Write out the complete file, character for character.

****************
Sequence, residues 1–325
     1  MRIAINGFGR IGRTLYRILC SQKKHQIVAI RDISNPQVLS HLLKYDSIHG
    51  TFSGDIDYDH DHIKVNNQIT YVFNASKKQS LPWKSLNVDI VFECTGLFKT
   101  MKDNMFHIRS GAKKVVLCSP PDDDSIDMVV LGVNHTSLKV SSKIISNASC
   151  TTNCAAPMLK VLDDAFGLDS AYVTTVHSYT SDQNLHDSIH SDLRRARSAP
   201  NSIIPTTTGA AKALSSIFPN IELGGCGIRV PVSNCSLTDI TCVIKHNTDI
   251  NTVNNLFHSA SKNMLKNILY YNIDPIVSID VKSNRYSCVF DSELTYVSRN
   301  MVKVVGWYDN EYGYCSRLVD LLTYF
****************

Sequence, residues 1–325
     1  MRIAINGFGR IGRTLYRILC SQKKHQIVAI RDISNPQVLS HLLKYDSIHG
    51  TFSGDIDYDH DHIKVNNQIT YVFNASKKQS LPWKSLNVDI VFECTGLFKT
   101  MKDNMFHIRS GAKKVVLCSP PDDDSIDMVV LGVNHTSLKV SSKIISNASC
   151  TTNCAAPMLK VLDDAFGLDS AYVTTVHSYT SDQNLHDSIH SDLRRARSAP
   201  NSIIPTTTGA AKALSSIFPN IELGGCGIRV PVSNCSLTDI TCVIKHNTDI
   251  NTVNNLFHSA SKNMLKNILY YNIDPIVSID VKSNRYSCVF DSELTYVSRN
   301  MVKVVGWYDN EYGYCSRLVD LLTYF